MIT Department of Linguistics 77 Massachusetts Ave, #32-D808 Cambridge, MA 02139, USA
I am a fifth-year graduate student at the department of linguistics and philosophy at MIT.
Broad interests: The syntax/semantics interface; Experimental syntax/semantics.
Narrow interests: The effects of covert movement on semantics: wh-questions and focus, quantification, A-bar movement, intervention effects, and degree semantics.
For an updated list of my presentations and publications, please consult my CV.
A new syntax for multiple wh-questions: Evidence from real time sentence processing. Manuscript under review. (with Martin Hackl).
An experimental investigation of interrogative syntax/semantics. To appear in the proceedings of the Amsterdam Colloquium 2013 (with Martin Hackl).
A streamlined approach to online linguistic surveys. Manuscript. (with Michael Yoshitaka Erlewine.)
Experimental investigations of ambiguity: The case of most. 2013. Manuscript under review. (with Yasutada Sudo and Martin Hackl).
Covert pied-piping in English multiple wh-questions. 2013. Manuscript under review. (with Michael Yoshitaka Erlewine.)
Intervention out of islands. Manuscript under review.
Long vs. Short QR: Evidence from the Acquisition of ACD. 2013. Proceedings of Boston University Conference on Language Development (BUCLD) 37. Somerville, MA: Cascadilla Press. (with Ayaka Sugawara, Martin Hackl and Ken Wexler)
The Syntax-Semantics Interface in Hebrew. 2013. Encyclopedia of Hebrew language and linguistics, ed. Khan, Geoffrey. Boston: Brill publishing. Volume 3, 683-688. ISBN: 978-90-04-17642-3. (Contact me for a copy of this paper)
Intervention, covert movement, and focus computation in multiple wh-questions. 2013. LSA Annual Meeting extended abstract.
Wh-Fronting in a Two-Probe System. To appear in Natural Language and Linguistic Theory, accepted 2012.
Readings of Hebrew multiple questions. 2012. Proceedings of the 30th West Coast Conference on Formal Linguistics (WCCFL), ed. Nathan Arnett and Ryan Bennett, 216-225. Somerville, MA: Cascadilla Proceedings Project.
Degree Relatives, Definiteness and shifted Reference. 2013. Proceedings of the 40th annual meeting of the North East Linguistic Society (NELS), eds. Seda Kan, Claire Moore-Cantwell, Robert Staubs. GLSA: Amherst, MA. Volume 2, 29-43.
An experimental investigation of interrogative syntax/semantics. Amsterdam Colloquium, December 2013. (with Martin Hackl)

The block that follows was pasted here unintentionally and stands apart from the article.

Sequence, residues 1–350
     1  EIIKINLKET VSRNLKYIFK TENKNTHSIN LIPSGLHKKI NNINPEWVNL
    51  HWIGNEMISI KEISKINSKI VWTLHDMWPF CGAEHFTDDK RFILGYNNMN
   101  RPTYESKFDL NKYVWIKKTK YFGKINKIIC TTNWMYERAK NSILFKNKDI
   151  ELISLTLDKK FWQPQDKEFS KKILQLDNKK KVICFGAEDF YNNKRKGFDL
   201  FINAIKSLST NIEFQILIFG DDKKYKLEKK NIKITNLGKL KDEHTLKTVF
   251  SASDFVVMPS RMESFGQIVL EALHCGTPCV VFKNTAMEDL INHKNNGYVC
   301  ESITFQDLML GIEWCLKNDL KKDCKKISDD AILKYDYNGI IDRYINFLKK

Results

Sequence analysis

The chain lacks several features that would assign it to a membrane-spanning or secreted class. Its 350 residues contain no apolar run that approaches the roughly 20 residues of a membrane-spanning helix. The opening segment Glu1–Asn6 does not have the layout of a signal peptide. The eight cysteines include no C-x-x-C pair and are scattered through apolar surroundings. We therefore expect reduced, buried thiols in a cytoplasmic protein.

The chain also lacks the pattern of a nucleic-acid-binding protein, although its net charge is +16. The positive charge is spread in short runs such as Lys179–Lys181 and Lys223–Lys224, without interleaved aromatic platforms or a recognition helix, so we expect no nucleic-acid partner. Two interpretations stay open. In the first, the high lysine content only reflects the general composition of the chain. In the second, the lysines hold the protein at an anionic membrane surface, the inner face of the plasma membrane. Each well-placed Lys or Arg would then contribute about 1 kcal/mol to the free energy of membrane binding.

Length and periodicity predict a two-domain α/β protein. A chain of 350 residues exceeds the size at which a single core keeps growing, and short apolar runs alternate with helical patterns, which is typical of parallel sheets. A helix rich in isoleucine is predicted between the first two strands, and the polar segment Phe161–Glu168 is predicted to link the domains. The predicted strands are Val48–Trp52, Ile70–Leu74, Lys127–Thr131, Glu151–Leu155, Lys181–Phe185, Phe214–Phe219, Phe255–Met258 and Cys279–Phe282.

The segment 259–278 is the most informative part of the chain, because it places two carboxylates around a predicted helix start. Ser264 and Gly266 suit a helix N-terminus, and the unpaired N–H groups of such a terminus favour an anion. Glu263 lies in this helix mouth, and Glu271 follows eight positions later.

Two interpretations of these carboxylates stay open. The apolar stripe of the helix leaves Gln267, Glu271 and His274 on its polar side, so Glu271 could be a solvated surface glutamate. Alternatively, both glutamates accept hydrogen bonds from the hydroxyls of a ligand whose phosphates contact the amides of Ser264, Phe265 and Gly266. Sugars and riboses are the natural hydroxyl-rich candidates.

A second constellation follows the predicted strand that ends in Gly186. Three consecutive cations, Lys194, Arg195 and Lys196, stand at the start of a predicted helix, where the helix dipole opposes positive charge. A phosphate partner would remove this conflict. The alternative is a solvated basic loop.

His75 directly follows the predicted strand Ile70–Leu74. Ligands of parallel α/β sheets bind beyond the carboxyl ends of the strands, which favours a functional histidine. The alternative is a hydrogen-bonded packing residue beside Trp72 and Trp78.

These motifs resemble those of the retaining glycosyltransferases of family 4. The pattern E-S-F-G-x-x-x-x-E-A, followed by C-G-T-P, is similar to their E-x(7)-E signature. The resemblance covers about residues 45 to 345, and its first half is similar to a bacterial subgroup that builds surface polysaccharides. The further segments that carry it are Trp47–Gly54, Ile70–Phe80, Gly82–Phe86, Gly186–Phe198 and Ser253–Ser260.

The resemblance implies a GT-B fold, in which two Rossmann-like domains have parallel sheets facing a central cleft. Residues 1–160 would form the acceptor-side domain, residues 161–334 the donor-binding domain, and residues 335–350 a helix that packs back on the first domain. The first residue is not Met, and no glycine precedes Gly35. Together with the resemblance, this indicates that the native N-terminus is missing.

Wh-words must QR locally: evidence from real-time processing. Linguistic Society of America (LSA) 88, Minneapolis, January 2014. (with Martin Hackl)
Morphological blocking in English causatives. Linguistic Society of America (LSA) 88, Minneapolis, January 2014. (with Michael Yoshitaka Erlewine)
Intervention effects follow from Relativized Minimality. Linguistic Society of America (LSA) 88, Minneapolis, January 2014.
The partial movement approach to wh-in-situ: Evidence from real-time processing. Linguistic Evidence, Tubingen, February 2014. (with Martin Hackl)
(contact me for a copy of the papers)
Two kinds of single-pair readings. In preparation. I argue that there are two possible scenarios described in the literature as a "single-pair" reading of a multiple question, but that only one of the two is a true single-pair. The other, I argue, is in fact a special case of a pair-list reading.
What's her face. Submitted. A snippet discussing the properties of the construction what's her face. (with Michael Yoshitaka Erlewine)
The syntax and semantics of multiple wh-questions in English.
Intervention effects in wh-questions and focus constructions.
The syntax and semantics of "also."
The syntax and semantics of "the same." (with Martin Hackl)
Morphological blocking effects using ERPs (with Michael Yoshitaka Erlewine, Ayaka Sugawara, Shigeru Miyagawa, and Tohoku University Koizumi Lab)
If you’re wondering how to pronounce my name: in IPA, my first name is [hə.'das] and my last name is ['ko.tɛk]. Hadas is a Israeli/Jewish name referring to one of the Four species, and it is also related to the biblical name Hadassah. Kotek is a Czech name meaning "kitten," and it has cognates in pretty much every Slavic language I know of. Most English-speakers will pronounce my last name with a dipthong, and that is fine with me - I often pronounce it like that myself these days. As for my first name, the only important thing to remember is the stress. You can get rid of the first syllable altogether and I'll still recognize what you say as my name, but if you stress the first syllable there's a good chance that won't even realize that you're talking to me. (If you can’t read IPA, you should take a linguistics course. If you just see a series of boxes due to font problems, don’t assume my name is pronounced as a series of boxes.)
Here is a research paper I wrote about my grandfather's journey during World War II: from Czechoslovakia to Denmark to Sweden to England back to mainland Europe, and after the war: from Slovakia to Austria to France to Israel (in Hebrew; contains original interviews with 10 individuals who were also members of my grandfather's Youth Aliyah group, who had similar stories).